this weekend prepped to deal with gun fire. they dealt with a stampede. what happened is after the organized fireworks display, people continued to light off firecrackers. it was a member of a private security team at navy pier that mistook that nor gun fire. the active shooter protocol was initiated and that sparked the panic. >> at some point while everybody was exiting, we believe that someone yelled "gun" and shots were fired at this time. there was a stampede. 14 individuals were injured in the stampede. they had been to the hospital with nonlife threatening injuries. >> i saw all the chaos. i heard some shots. i'm not sure if they were in the police or from, you know, people around or anything like that. i saw a lot of kids scared. >> police say it was 17 people that were injured in the panic.
most of the injuries were due to trampling. one person was impaled in the leg. to compound matters, outside of the security area, the area where the crowd would be exiting the pier, teenagers flashing gang signs got into a fight. two people in the fight were stabbed and according to police, one man that had nothing to do with the fight was stabbed in the face. nobody has been arrested. the gun fire continued over the weekend. as of noon today, 33 people had been shot over the holiday weekend, three killed. julie? >> julie: thanks, mike. san francisco set to spend more than $500,000 to paint over a historical mural of george washington after some people criticized it as racist. the mural at a high school painted decades ago during the depression. it depicts our founding father's life. it also shows slaves working and white pioneers standing over the
body of a native american. claudia cowan reporting live. hi, claudia. >> this is called "the life of washington and just inside the main lobby of george washingtons will. the san francisco school board says it's ready to spend up to $600,000 to paint over the 1,600 square foot neural that depicts the first president as a soldier a statesman and as a slave owner. along with images of settlers standing over the body of a native american, slaves are depicted in mount vernon. the mural was considered radical when it was installed 83 years ago. now critics want it gone saying it's unfair for students to be exposed to the harmful images. >> we do we have to explain the pain caused by the visual sense that we see in that building
that is supposed to be an institution for learning. >> but at a packed school board meeting, supporters called it educational and priceless. they say removing it amounts to censorship and they worry other historical artwork from the new deal era could face a similar fate because of changing sense tytys. >> we should be teaching about the mural and what it means. i as a half native american indian so no problem with the mural. it depicts what happened. >> the mural has been a focus of controversy for decades.most of the school's 2,000 high school students are people of color and come from low income families. the renewed debate to paint it over comes as schools and government buildings across the country have taken down statues and artworks that honor confederate heros and historical figures that owned slaves. most of that $600,000 would go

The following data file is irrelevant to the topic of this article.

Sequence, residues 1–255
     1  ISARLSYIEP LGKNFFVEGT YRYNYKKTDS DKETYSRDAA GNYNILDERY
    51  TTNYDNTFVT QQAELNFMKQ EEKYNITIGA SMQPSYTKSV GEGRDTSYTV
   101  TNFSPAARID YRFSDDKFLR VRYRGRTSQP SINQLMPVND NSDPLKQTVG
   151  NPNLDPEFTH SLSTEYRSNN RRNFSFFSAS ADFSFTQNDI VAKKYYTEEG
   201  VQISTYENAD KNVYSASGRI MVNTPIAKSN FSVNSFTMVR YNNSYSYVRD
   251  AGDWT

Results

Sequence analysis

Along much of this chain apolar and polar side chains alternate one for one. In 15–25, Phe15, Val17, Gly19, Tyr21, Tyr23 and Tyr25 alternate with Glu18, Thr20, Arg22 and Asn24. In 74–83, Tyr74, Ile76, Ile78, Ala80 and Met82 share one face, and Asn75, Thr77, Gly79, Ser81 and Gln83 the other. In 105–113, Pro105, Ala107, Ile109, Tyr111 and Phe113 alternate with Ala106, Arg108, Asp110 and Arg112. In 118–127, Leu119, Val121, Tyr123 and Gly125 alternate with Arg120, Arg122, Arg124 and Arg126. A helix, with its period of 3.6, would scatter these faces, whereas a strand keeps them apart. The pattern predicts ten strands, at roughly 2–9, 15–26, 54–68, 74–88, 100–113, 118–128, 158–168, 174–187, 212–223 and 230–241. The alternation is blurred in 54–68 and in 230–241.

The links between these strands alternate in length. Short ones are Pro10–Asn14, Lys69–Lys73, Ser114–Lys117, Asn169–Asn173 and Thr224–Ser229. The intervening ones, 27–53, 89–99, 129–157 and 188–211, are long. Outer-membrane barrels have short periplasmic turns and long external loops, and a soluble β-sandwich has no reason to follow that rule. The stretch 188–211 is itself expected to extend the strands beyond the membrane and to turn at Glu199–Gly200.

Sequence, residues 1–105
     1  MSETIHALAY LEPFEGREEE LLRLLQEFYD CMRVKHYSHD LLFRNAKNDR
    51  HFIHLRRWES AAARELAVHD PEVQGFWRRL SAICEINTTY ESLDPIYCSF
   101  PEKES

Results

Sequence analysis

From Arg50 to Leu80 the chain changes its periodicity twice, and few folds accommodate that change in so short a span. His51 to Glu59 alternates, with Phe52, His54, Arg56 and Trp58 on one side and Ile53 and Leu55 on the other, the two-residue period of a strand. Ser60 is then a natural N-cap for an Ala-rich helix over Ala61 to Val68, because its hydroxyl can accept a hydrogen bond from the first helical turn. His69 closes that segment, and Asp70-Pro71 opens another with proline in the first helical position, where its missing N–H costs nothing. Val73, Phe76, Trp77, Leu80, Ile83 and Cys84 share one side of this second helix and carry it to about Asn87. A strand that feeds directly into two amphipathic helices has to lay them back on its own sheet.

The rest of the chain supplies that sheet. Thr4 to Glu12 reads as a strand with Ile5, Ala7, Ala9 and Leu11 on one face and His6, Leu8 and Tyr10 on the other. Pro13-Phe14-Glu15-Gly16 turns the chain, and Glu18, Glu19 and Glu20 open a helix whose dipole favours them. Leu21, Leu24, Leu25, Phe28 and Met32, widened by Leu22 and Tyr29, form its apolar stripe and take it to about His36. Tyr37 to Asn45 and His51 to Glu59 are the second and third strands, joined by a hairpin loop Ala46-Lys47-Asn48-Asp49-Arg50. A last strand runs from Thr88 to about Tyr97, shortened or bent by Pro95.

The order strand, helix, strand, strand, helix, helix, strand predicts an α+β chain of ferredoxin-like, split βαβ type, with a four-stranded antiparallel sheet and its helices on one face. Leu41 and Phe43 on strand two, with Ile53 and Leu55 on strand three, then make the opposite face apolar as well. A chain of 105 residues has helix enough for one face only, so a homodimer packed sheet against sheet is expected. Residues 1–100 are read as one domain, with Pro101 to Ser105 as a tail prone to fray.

to fighting lawsuits that are expected to keep this controversial mural right where it is. by the way, julie, this money would come out of the school district's general fund and by one estimate that amount, again, we're talking about $600,000, could cover the cost of ten new teachers. that's starting salaries. >> julie: yeah, they had to budget nor the legal fees as well. crazy. claudia cowan, thank you. the women's world cup final is sunday. the united states facing the nether lands. this will be the first women's world cup final for the netherlands. they beat sweden wednesday night 1-0. so the dutch player that scored the only player says she can't way to play the american team and the finalists have something in common. both the u.s. and the netherlands have woman coaches. the first time that has happened in a few years. the world cup final is sunday at 11:00 a.m. eastern on the fox network.
go u.s.a.! awesome stuff. love watching them play. by the way, after the show, we have a fox news update on facebook watch. it streams live just a few minutes from now and available any time on demand. that will do it for me. "your world" is next. >> we had great numbers this morning. i think it was 224,000 jobs. those were unexpectedly good. our country continues to do really well. >> neil: i think he knew the job numbers by heart. the 224,000 we saw added to the commit in the latest month way beyond what anyone thought. stocks were getting hit hard originally on the news on the belief that it made the possibility of cutting interest rates something that would be further off. in the end, the dow down 200 points early on finished with losses of about 41 points. what a crazy day. welcome. glad to have you. i'm neil cavuto. we're going to get into those